British sparkling beats out champagne and Queen turns 90

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In honor of Queen Elizabeth’s 90th birthday, the British consul invited Chicagoans to sample top-quality British cheeses, sandwich combinations, wines and spirits. That may seem like a contradiction in terms to some here in the U.S. who have traditionally not considered England a model of good cuisine or a source of good wine. But the British have always been known for their broad range of beers and ales (served room temperature), and the U.K. is also proud to be the source of 70% of the world’s brands of gin.
Hattingley Valley sparkling - courtesy of Christina Slaton
Hattingley Valley sparkling – courtesy of Christina Slaton

And lately England is coming out on top in another surprising arena: sparkling wines. Cuvees from England have taken the top prize in the last two International Wine & Spirits Competitions, according to an online article on Grape Collective. Some experts say that England has the same soils as the Champagne region of France and now, as global warming heats things up, it’s getting similar temperature conditions, too – or at least three out of four years, according to one attendee sipping Hattingley Valley English sparkling wine. A perfect setup for making prize sparkling wines. A British brand Fieldstone sparkling wine won a recent blind tasting against competitors from Champagne. Someone at the event said, “I guess global warming is good for something.”

British Scotch eggs, sandwiches and cheeses - courtesy of Christina Slaton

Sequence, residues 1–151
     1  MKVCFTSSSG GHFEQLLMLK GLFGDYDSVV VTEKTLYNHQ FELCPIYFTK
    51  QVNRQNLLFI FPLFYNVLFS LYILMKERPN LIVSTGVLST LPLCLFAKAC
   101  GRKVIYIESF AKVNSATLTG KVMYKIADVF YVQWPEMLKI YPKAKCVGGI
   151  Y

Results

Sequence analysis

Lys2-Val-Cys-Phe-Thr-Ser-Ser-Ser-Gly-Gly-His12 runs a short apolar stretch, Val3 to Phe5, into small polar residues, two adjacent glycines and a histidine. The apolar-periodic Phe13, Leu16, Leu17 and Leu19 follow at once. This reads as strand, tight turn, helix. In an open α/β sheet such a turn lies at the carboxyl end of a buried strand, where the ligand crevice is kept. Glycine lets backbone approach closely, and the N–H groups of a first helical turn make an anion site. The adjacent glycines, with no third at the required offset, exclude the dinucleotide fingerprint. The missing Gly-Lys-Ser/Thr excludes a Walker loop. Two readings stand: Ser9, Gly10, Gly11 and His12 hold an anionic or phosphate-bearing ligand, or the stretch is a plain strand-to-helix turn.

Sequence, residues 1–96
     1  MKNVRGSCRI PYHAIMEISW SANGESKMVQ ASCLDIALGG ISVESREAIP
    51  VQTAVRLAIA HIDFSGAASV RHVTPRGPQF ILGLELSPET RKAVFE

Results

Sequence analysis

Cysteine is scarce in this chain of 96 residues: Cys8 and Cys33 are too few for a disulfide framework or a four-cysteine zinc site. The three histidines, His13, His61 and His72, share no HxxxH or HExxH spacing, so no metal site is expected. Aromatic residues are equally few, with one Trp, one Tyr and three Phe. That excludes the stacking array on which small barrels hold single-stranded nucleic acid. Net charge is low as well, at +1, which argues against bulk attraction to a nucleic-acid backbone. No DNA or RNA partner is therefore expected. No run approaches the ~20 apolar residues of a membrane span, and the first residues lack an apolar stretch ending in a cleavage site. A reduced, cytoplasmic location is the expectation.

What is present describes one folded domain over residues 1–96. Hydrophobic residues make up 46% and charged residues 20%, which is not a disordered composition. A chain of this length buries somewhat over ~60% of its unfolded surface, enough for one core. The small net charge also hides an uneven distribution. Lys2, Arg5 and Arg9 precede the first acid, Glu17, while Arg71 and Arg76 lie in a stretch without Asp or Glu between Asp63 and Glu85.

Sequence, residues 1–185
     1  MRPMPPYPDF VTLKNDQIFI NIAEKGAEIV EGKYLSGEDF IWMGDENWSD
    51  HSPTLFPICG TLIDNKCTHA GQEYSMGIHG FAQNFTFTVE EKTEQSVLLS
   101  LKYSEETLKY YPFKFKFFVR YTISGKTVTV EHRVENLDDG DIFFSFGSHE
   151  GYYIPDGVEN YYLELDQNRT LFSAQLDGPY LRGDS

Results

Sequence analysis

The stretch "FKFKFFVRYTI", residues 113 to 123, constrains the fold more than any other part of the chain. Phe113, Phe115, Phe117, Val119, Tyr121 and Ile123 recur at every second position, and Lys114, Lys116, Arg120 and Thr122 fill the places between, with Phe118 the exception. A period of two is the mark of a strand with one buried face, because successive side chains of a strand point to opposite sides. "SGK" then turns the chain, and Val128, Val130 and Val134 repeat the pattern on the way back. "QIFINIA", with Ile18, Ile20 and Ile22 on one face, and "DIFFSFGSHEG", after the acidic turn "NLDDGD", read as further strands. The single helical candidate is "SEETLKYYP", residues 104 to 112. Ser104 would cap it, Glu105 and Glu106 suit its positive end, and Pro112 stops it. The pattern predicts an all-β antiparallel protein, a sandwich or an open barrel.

British Scotch eggs, sandwiches and cheeses

The cheeses were savory and the finger sandwiches appealing, making a nice showing for our fellow-English-speaking allies. Cheeses included Amber Valley Sage Derby (a surprising pale-green-laced yellow cheese with a soft texture like Havarti), Amber Valley Blue Stilton (beyond comparing with the average blue cheese you get here in America), English Vintage Reserve Cheddar (the British do a great job with cheddar), Wigmore Soft Brie, and Dunlop Mild (semi-soft and pleasing). Next to them were plates of a well-known British snack known as the Scotch egg – breaded and deep-fried hard-boiled eggs – served sliced in quarters and topped with a dab of grainy mustard. Familiar pub fare.

The event also showcased several brands of gin made in the U.K. Gins, including Beefeater, Hayman’s, Sipsmith and Plymouth, offered creative cocktails using various combinations with Madeira, bitters and more. Guests were drinking everything from dusty dry to barely-sweet pink cocktails, and everyone lifted their glasses as the Consul General Robert Chatterton Dickson proposed a happy birthday toast to the Queen. The magnificent view from the consulate’s 61st floor home made an impressive background for Chicagoans joining in to celebrate good things British.

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